Star Trek Adventures Utopia Planitia Review


My first steps into tabletop gaming came when I bought the Star Trek Starship Tactical Combat Simulator at Waldenbooks. My friends and I loved punching out the chits and figuring out the rules, but I found that I cared more about tossing myself over the couch whenever my ship got hit rather than concentrate on the strategy or the deeper mechanics. Ship books are often my favorite books of any science fiction RPG line. I was excited to get my hands on a review copy of Utopia Planitia for Star Trek Adventures. Did this book named after the famed Starfleet shipyards pass its shakedown cruise? Let’s play to find out.

Once again, Jim Johnson and his team have taken the opportunity to shake things up on the graphic design front. The interiors of the book mark it as sometime during the original movie era with diagrams of ships like the Enterprise refit and the Reliant scattered through the book. It’s also nice to see some art showing the “monster maroon” uniforms of the era. I bought that FASA boxed set because I loved the battles in The Wrath of Khan so the art and design played into my nostalgia a bit.

The main draw are the starships, and the book doesn’t skimp on that front. Even though the Command Operations book expanded ship coverage, this book digs into more ships from multiple eras. Thanks to the partnership with Star Trek Online, each spaceframe, as they are called, gets a lovely two page spread with a full illustration.There are new mission profiles and talents to choose from, with a few ships from earlier books getting updated with these newer mechanics. The one glaring space in this line up was the lack of a write up of the California-class from Star Trek: Lower Decks. They mention the show in the text, but I assume the omission is a licensing issue since it came out after Modiphius expanded their deal with CBS. I can build my own thanks to the expanded rules but I still would love to see an official writeup. Maybe as a gift for April Fools?

In addition to more ships, the main rules also offer construction ideas for space stations and small craft like runabouts. There’s been a little discussion about space stations as a central location in other books but it gets much more love here. For fans who want to debate the merits of different shuttlecraft, different ones from the run of the Next Generation area get written up plus era- appropriate entries. The book really focuses on location as a main character that pervades so much of Star Trek. Consider the differences between Enterprise’s holodeck and the holosuites on DS9 to see how the same equipment can be used and percieved in different ways.

Holodecks get a little love in this book as well. There’s a short table offering some classic holodeck mishaps though I was surprised that none of the mission briefs in the back featured this classic story trope. The book talks about life in Starfleet from the perspective of the crew members onboard the ship. It asks players to consider what they do for fun when they aren’t on duty and who their friends might be elsewhere on the ship. There is some food for thought on emulating the slice of life episodes which are often my favorite episodes in any series.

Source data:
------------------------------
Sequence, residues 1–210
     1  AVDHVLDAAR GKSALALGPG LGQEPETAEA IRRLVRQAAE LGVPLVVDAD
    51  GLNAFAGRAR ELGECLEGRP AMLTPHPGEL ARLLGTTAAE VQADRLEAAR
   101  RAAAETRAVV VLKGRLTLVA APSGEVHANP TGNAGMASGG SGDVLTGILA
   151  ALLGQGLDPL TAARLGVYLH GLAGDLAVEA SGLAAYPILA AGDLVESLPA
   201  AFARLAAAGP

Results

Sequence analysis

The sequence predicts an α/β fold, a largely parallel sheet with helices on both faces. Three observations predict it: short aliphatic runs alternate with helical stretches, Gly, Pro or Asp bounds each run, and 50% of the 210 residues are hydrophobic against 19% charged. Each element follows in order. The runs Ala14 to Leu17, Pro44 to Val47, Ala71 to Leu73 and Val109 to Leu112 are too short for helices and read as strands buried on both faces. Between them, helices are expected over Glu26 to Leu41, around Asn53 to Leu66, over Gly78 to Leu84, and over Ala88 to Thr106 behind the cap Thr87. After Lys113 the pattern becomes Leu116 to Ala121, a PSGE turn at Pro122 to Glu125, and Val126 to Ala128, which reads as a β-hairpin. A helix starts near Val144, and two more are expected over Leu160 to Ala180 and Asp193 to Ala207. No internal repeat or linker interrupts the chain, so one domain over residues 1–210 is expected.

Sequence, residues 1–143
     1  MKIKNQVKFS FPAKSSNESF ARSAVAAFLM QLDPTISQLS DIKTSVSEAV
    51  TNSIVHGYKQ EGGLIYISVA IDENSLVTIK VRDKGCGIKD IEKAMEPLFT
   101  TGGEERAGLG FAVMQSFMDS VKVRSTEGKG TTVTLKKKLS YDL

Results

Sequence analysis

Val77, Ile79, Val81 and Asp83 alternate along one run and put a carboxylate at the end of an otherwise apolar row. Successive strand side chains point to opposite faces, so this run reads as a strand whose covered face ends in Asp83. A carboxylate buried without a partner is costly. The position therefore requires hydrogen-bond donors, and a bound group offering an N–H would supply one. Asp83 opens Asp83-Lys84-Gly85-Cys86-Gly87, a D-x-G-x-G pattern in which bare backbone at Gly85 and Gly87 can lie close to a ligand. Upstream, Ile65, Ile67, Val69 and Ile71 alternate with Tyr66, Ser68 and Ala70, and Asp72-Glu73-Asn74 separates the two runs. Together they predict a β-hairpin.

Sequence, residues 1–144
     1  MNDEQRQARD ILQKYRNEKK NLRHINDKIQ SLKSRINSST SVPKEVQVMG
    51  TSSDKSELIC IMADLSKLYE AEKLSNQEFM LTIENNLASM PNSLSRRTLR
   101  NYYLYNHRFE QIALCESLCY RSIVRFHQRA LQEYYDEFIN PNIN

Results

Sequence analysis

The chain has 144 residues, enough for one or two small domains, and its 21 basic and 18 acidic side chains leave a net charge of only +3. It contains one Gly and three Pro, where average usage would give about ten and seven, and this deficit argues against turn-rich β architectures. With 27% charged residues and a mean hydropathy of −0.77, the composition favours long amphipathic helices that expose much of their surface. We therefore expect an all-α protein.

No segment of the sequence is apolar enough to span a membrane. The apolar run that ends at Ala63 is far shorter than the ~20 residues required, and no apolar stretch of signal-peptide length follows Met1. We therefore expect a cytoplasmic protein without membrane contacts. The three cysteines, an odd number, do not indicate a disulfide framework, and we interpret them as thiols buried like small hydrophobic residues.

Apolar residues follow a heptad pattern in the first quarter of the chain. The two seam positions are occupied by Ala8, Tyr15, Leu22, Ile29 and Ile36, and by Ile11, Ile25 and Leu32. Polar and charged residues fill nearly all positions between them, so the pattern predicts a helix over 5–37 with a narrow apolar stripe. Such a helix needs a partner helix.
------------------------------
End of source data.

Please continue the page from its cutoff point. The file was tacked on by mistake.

The book also offers a peek into some of the realities behind the utopian ideal of the Federation. There are still rare elements and resources that need to be mined to make the high tech of Starfleet hum. A section lists some of these resources and lays out how they can be plot drivers for episodes. It’s a nice list for anyone trying to remember the differences between their boronite and their boridium when they are slinging technobabble. The book also offers some brief discussion on technology in the setting which reinforces the basic discussion in the Player & GM Guides. There’s also an expansion of these themes, such as the discussion of when to take a shuttlecraft and when to use the transporter to get on or off a ship.

Utopia Planitia is an excellent Star Trek Adventures book and my favorite ship book for any of the official lines because it provides plenty of ship content and so much more. Highly recommended.

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Rob Wieland

Rob Wieland

Von Ether

Star Trek Starship Tactical Combat Simulator brings back many good memories. That scratched an itch I hadn't felt since Car Wars, would get a little taste of in Rogue Trader and never felt the same level of love again even after Battletech.

Of course being a poor gamer out in Oklahoma, we only discovered that gem after it had been tossed in the bargain bin as a dead game line.

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